25Aug

Mindfulness Meditation

By Linsey Harrison, MD, Psychiatrist

Mindfulness Meditation

Most of us spend too much of our lives lost in thought, more often thinking about life instead of experiencing it. We end up missing out on the moment-to-moment richness of life. Our constant thinking, planning, and worrying can make it impossible to wholeheartedly enjoy a meal or listen to a concert, to relax while on vacation, to fully listen to our spouse or child, or to fall back asleep in the middle of the night.

Mindfulness is the ability to be aware of your thoughts, emotions, physical sensations, and actions – in the present moment – without judging or criticizing yourself or your experiences. It is an awareness that emerges through 'paying attention on purpose.' It is a valuable skill that has been taught for thousands of years in many of the world's religions. In the 1980s, Jon Kabat-Zinn began using nonreligious mindfulness skills to help hospital patients cope with chronic pain. Mindfulness techniques have been incorporated into various modern forms of psychotherapy, and it is highly valued in the medical and psychological community. Scientific research shows that mindfulness meditation can lessen the symptoms of depression, anxiety, and pain, and increase feelings of relaxation and happiness. Several methods exist, including progressive muscle relaxation exercises and mindful breathing exercises, but perhaps more important is practicing mindfulness during everyday life, such as being aware of the taste and texture of the food we eat, experiencing every moment using all of our senses.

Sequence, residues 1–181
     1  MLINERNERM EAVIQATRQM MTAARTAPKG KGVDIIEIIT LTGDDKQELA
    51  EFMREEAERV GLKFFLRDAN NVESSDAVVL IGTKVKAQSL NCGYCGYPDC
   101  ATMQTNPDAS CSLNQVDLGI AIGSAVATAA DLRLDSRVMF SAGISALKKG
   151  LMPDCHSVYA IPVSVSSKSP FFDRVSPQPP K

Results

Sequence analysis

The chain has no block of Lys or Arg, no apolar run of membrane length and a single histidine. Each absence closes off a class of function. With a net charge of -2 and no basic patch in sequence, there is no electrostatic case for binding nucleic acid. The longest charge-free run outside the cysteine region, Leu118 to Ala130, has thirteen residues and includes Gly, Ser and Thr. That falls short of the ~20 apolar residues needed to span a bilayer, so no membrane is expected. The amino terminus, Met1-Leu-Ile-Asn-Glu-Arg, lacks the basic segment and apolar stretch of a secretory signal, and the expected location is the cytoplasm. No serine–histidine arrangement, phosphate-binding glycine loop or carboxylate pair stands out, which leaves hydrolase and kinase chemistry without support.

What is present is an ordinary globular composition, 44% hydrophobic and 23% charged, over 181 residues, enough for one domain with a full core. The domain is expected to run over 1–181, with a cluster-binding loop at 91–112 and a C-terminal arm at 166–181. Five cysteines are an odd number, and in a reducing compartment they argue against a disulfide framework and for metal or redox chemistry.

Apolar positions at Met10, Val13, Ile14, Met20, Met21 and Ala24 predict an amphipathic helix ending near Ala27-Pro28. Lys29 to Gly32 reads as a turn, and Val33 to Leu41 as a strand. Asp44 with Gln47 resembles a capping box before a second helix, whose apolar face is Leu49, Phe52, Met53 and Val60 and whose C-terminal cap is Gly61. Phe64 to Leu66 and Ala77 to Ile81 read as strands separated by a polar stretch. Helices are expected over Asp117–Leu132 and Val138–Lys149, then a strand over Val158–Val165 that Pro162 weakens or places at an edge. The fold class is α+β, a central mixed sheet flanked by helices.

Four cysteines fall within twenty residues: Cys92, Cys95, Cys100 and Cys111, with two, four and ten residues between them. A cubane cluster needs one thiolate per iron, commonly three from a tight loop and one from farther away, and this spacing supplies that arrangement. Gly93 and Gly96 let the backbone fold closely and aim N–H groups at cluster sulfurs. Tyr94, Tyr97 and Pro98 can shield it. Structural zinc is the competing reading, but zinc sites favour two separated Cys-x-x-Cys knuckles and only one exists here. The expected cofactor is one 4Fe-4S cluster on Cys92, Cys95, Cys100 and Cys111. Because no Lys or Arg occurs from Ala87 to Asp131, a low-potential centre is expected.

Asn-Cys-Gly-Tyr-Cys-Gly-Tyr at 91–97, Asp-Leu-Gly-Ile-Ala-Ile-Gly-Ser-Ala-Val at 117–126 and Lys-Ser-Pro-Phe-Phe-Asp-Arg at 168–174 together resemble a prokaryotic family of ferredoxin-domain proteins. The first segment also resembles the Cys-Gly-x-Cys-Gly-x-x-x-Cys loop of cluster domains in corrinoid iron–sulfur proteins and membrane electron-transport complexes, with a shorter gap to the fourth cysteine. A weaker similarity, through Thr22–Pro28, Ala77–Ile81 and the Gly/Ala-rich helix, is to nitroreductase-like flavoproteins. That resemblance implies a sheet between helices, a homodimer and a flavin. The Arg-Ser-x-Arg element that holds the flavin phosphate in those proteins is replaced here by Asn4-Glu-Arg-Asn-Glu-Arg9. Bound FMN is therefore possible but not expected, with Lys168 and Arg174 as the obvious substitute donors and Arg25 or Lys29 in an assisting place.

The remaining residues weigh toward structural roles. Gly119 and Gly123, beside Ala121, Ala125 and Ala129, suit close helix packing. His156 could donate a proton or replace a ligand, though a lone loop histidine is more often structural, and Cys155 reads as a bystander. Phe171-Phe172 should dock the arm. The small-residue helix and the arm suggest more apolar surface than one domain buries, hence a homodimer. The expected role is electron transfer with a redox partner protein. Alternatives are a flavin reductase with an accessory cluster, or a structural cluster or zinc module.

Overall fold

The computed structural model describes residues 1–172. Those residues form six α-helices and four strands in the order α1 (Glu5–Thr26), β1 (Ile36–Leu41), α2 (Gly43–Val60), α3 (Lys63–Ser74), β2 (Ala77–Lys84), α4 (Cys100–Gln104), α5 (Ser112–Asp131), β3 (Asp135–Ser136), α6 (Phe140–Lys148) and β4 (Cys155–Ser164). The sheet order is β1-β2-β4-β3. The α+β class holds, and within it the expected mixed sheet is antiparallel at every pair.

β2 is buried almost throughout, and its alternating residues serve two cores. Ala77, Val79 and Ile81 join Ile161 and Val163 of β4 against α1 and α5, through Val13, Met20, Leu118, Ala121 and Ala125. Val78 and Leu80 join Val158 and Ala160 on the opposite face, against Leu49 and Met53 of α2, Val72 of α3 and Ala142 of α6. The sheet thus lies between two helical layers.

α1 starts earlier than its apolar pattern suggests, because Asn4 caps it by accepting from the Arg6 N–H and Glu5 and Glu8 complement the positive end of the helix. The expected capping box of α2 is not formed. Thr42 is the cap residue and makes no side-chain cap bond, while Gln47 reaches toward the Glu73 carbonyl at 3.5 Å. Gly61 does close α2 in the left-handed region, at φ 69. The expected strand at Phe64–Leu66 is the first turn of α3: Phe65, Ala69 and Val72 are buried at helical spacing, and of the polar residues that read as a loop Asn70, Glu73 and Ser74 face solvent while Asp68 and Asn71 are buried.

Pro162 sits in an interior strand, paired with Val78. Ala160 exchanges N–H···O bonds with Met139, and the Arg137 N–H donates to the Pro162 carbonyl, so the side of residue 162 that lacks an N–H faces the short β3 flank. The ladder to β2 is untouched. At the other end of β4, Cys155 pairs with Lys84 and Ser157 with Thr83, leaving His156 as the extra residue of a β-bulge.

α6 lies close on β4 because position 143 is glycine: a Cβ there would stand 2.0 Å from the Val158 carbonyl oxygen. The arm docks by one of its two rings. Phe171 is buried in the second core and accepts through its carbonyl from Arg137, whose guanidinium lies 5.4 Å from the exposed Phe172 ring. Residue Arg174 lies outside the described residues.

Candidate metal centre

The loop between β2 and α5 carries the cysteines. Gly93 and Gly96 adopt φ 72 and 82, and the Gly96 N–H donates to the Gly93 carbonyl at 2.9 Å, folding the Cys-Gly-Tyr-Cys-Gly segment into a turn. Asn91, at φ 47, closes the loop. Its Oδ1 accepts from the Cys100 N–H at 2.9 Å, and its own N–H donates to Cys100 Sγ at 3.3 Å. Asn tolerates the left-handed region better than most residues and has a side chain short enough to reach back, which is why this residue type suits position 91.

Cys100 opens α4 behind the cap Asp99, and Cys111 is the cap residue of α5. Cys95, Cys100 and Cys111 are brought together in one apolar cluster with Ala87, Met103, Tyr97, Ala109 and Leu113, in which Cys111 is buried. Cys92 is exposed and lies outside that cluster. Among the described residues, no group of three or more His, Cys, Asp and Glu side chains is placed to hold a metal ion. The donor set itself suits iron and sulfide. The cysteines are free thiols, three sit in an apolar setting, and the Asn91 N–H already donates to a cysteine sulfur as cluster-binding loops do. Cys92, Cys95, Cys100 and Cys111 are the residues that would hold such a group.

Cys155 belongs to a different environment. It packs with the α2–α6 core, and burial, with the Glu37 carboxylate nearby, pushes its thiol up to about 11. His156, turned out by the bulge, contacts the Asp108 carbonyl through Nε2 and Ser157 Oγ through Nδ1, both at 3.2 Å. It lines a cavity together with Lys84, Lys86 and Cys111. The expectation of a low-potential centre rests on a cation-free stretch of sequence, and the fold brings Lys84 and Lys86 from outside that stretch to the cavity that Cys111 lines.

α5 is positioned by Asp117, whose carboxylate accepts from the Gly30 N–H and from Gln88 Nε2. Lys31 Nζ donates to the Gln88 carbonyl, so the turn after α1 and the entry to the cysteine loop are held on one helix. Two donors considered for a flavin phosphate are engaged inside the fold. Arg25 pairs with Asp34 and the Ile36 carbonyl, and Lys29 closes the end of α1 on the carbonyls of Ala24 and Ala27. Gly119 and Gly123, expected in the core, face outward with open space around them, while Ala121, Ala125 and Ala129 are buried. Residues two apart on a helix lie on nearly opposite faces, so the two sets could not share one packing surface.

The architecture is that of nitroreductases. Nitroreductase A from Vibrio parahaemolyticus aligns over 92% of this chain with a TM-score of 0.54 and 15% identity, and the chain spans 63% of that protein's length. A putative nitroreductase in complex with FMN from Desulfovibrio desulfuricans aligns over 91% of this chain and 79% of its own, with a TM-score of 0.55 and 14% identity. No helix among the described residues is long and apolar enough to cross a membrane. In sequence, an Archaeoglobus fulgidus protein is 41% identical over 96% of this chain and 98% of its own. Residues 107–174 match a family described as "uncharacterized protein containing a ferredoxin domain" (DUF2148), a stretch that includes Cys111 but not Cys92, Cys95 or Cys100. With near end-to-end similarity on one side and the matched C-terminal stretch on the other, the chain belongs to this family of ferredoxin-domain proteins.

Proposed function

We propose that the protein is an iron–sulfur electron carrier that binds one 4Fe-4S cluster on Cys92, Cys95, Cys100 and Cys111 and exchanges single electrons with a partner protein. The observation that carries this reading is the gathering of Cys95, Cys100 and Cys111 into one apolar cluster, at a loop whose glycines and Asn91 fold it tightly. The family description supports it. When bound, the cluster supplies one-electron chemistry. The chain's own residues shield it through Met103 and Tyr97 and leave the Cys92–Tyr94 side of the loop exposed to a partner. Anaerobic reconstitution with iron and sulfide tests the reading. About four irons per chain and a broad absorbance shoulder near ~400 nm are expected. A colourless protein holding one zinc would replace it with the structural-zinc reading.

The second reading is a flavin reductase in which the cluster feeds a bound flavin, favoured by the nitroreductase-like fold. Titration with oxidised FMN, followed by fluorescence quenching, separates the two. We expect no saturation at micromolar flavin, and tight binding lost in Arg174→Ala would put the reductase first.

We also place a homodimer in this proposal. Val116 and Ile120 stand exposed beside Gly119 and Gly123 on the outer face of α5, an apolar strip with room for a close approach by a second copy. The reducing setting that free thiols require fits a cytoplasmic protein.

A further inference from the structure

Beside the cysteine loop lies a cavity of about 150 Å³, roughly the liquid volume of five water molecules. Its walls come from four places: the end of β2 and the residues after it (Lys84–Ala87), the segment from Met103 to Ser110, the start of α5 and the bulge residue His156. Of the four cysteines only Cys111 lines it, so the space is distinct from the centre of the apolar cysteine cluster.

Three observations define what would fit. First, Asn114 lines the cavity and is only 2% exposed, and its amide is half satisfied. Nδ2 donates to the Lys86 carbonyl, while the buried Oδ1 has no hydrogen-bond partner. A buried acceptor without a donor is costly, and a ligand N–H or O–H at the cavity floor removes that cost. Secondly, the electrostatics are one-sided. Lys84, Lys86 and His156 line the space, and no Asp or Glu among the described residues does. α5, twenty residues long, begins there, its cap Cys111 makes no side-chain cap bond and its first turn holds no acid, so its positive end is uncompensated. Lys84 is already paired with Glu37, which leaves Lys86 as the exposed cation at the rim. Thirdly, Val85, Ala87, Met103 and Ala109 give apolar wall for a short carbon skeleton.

If you would like to learn more about mindfulness meditation, visit Your Health Guide on our website and type "mindfulness" in the Search area. Also, a great deal of information is available online for free, including YouTube videos, blogs, and other websites. Numerous books exist to provide examples of mindfulness exercises and other ways of exploring this meditation technique.

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